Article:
LITTLE ROCK –  The ACLU of Arkansas today urged the Arkansas Legislative Council to reject a proposal to build a new private prison facility in southeast Arkansas that would be operated by LaSalle Corrections. There have been numerous complaints about conditions at LaSalle Corrections’ facility in Texarkana, Texas which houses more than 300 Arkansans through a contract with the Arkansas Department of Correction. 

The proposal was approved by a subcommittee earlier this week and is scheduled to be considered by the full Legislative Council on Friday, December 20.

“The Legislative Council should reject this effort to put Arkansas taxpayers on the hook for a 20-year contract with a private prison operator with their history of alleged abuses,” said Holly Dickson, ACLU of Arkansas legal director and interim executive director. “Profiteering should have no place in our criminal justice system, and LaSalle Corrections’ troubled track record should disqualify them from operating prisons in our state. Every dollar we spend expanding a failed system of mass incarceration is a dollar we can’t spend on things that actually make us safer – like expanding access to mental health and addiction treatment. Arkansas should be investing in communities, not building more cages.”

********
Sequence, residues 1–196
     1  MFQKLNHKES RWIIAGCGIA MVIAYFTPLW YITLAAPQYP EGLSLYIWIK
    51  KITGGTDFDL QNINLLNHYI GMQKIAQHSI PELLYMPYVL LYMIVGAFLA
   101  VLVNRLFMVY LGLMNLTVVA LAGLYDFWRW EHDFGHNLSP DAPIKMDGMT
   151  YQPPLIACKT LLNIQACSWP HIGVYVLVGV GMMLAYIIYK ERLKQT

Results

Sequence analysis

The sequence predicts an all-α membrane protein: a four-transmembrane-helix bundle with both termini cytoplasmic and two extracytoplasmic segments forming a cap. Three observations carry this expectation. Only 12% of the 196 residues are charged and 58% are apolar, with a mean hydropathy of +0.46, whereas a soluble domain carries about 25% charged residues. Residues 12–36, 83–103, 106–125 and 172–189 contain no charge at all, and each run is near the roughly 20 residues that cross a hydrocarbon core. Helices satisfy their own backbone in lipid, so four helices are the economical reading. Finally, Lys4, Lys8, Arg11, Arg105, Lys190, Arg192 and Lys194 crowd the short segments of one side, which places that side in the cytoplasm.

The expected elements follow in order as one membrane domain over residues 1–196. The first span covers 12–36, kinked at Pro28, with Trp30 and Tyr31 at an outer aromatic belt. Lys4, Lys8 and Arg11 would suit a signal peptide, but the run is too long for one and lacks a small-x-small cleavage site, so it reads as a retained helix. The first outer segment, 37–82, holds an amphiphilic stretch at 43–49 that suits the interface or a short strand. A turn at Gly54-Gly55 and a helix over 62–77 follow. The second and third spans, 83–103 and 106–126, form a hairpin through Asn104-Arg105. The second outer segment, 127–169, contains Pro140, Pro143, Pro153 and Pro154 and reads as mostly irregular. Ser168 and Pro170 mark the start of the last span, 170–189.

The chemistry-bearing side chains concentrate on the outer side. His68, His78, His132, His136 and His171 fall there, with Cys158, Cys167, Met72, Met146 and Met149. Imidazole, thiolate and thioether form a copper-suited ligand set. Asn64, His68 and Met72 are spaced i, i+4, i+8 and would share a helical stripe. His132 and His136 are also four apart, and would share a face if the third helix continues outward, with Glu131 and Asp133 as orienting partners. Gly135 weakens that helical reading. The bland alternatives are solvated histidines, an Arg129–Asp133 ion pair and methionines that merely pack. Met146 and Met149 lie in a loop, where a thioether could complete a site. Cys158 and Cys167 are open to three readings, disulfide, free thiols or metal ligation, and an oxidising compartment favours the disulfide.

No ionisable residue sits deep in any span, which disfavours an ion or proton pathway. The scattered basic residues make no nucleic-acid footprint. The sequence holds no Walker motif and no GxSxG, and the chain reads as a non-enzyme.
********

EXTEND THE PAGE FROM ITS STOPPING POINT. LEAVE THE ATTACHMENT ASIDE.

Earlier this year, the ACLU of Arkansas released a plan to reduce the state’s prison population by 50 percent and reinvest the savings in programs that would improve public safety and strengthen communities.   

The ACLU of Arkansas detailed problems with the private prison industry, including: 

  • Private prisons have, on numerous occasions, been found in violation of their contract with the government, especially in areas of staffing, health care, and programming. By cutting back on the number of staff and the availability of programming, private prison operators increase their profits. Because of limitations on the public’s access to information, non-compliance with contracts often goes unchecked unless an issue is revealed through litigation, or otherwise discovered and reported by the media.
  • Though most contracts between private prison companies and the government include a required staff-to-prisoner ratio in order to maintain a safely-run prison, there have been several known occasions in which companies have retained fewer staff than dictated by the contract, keeping the money saved from vacant staff positions as extra profit.